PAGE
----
Two Spot Goby



A Two Spot Goby is also called  Twinspot Goby, Signal Goby as well as Crabeye Goby. The body and head are white and orange-colored. The erect dorsal fins are clearly marked by eye spots. It is recommended to have it in a 10 gallon or greater aquarium, with live sand for substrate and an attached refugium that is populated. It is not likely to act aggressively towards other fish, however, it is territorial and can be aggressive towards its own species except if they are a mated pair. If the conditions are right, the Two Spot Goby will spawn successfully in aquariums. The Two Spot Goby feeds off the bottom, sifting through sand to find food. It must be fed an assortment of live brine vitamin-enriched shrimp, mysis Shrimp, live black worms, and prepared food for carnivores. Approximate Size of Purchase: Small: 3/4" to 1-1/4" Medium: 1-1/4" to 2" Large: 2" to 3"  
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Two Spot Goby Information The Two Spot Goby has many different names. It is also known as The Twinspot Goby or Crabeye Goby. It is recommended to keep them in a minimum of 10 gallons or greater aquarium that has live sand as a substrate to burrow or dig in. They are not known to be aggressive against other fish, but they are territorial and may fight with their species unless they're in a couple. If the conditions are ideal the Two Spot Goby will spawn with ease in an aquarium.   Two Spot Goby Diet The Two Spot Goby is fed from the bottom by sifting the substrate to find food. They must be provided with a variety of live brine shrimp, frozen mysis shrimp, and live black worms.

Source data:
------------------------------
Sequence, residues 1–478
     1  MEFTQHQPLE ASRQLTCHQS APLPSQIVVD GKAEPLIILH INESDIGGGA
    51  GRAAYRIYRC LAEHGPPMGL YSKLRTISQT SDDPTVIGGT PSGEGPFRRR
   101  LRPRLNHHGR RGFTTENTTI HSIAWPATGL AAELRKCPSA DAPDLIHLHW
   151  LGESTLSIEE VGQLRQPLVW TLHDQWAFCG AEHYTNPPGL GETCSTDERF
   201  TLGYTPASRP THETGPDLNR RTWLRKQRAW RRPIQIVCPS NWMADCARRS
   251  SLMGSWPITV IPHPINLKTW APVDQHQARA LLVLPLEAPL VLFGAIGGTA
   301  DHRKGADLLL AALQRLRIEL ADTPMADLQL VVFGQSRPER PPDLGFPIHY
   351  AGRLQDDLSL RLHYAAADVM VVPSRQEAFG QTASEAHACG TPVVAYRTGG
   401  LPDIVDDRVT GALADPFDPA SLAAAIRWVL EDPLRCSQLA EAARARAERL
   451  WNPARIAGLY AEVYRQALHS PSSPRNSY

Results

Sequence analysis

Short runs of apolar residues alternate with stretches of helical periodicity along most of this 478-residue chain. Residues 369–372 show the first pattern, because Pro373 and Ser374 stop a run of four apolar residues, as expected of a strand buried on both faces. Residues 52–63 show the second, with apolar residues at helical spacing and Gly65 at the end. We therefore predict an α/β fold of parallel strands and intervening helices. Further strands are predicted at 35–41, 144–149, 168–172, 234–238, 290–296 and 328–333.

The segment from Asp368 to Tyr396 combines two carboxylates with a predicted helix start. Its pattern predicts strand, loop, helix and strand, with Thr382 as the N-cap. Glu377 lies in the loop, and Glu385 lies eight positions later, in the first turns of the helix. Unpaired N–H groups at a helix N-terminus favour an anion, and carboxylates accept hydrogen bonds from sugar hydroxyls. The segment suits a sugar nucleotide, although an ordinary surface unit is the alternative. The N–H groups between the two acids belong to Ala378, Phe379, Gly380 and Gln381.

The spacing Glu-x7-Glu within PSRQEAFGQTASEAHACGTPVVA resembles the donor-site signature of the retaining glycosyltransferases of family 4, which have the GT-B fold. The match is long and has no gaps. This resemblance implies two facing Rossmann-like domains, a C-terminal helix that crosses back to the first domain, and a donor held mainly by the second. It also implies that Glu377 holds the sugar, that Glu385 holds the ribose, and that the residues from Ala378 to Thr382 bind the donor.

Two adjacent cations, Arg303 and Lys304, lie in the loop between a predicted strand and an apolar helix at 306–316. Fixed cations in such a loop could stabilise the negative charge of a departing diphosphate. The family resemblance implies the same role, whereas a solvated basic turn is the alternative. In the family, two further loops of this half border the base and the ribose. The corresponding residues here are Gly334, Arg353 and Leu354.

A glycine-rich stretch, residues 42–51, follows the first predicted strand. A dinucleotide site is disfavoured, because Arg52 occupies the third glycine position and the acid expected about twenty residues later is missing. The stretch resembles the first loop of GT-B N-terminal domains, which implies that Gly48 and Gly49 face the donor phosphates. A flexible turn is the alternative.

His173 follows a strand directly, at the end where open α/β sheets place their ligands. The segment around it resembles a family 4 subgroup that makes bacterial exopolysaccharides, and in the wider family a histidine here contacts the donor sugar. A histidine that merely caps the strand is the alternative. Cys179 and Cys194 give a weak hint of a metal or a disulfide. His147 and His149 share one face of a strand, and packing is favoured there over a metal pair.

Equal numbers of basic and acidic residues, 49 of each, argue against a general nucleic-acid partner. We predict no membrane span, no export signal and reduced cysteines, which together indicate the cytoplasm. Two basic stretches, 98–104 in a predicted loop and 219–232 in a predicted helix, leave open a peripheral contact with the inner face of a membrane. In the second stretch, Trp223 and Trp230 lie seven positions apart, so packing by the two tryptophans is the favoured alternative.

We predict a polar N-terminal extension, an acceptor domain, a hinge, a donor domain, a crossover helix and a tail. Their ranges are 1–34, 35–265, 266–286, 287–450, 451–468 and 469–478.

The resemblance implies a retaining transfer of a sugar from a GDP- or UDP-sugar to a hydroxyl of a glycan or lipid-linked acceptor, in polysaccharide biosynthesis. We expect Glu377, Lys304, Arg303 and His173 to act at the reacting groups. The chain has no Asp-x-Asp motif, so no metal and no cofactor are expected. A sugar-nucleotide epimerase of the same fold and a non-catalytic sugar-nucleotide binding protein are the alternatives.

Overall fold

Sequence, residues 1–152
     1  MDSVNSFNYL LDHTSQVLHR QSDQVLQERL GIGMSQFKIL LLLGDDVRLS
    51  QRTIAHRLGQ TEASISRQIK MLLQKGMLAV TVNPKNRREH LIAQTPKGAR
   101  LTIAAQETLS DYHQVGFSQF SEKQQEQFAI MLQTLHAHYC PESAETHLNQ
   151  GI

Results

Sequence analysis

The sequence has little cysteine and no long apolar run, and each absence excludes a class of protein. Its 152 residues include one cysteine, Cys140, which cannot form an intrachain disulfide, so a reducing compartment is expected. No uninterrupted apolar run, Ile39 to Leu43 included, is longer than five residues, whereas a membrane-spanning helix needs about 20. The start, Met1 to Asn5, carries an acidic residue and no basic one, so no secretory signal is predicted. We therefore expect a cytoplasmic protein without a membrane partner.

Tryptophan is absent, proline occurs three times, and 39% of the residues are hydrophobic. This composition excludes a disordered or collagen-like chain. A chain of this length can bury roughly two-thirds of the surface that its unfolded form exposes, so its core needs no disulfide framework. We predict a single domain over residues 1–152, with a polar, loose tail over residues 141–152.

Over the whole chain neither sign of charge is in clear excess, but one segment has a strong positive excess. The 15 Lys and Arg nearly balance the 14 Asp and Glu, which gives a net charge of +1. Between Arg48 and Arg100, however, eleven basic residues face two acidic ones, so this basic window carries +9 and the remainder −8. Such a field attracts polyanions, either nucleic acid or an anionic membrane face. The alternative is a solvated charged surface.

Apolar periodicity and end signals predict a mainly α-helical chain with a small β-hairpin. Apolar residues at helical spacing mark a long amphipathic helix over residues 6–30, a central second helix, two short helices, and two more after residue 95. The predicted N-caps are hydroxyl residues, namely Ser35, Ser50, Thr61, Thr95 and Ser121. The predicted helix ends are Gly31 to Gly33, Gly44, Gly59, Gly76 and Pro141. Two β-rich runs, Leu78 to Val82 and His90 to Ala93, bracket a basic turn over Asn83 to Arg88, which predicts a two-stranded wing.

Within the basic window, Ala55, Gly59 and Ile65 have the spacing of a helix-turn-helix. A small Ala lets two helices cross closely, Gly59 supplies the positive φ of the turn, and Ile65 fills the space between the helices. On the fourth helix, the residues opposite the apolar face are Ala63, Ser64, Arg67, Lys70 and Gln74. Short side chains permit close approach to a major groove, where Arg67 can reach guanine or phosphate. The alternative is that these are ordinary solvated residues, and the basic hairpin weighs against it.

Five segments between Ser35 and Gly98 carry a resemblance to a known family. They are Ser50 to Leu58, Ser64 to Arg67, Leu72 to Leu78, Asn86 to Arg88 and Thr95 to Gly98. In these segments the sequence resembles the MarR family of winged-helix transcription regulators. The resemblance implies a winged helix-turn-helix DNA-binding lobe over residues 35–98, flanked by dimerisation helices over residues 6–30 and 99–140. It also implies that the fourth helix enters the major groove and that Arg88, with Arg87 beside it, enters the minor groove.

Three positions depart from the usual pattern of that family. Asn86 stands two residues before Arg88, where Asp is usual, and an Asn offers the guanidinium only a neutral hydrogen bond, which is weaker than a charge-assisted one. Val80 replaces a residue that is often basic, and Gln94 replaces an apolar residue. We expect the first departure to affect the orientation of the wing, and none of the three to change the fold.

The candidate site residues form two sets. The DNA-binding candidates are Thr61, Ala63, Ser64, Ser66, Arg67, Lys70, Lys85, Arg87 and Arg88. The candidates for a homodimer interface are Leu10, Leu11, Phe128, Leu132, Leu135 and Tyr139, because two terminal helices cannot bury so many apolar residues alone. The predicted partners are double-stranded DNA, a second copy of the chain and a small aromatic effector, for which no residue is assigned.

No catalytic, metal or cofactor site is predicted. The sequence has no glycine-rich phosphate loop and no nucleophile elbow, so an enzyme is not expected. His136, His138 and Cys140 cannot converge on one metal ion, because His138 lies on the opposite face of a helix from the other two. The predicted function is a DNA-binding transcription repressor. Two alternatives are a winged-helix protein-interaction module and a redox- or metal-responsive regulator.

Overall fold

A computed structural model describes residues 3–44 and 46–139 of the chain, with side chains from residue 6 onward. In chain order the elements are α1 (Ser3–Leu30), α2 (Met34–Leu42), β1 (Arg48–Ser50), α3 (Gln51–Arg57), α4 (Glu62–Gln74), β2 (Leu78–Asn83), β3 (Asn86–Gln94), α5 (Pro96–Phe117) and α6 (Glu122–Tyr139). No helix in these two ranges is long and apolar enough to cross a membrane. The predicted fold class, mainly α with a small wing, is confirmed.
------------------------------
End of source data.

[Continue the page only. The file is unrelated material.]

Large, Medium, Small
6 lbs


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Is hiring a professional necessary to set up a saltwater aquarium?

As a general rule, a larger custom aquarium might require installation by a professional. However, a kit from our online fish store is relatively affordable and beginner friendly. That means you should have no problem setting it up yourself.

Which saltwater aquarium fish should you choose when starting out?

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Saltwater aquariums require a bit more maintenance and monitoring than freshwater tanks. Different fish require different levels of salinity, pH tolerances, and temperature requirements. They also require specialized pumps, filters, and other equipment that can handle salt. We can guide you through everything you need to know to set up a healthy, thriving reef tank.

Do fish in a saltwater aquarium swim in a school?

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Yes! Many aquarists dream of owning thriving saltwater aquariums. You have a tiny piece of the ocean in your home, featuring magical and exotic fish that can only survive in saltwater.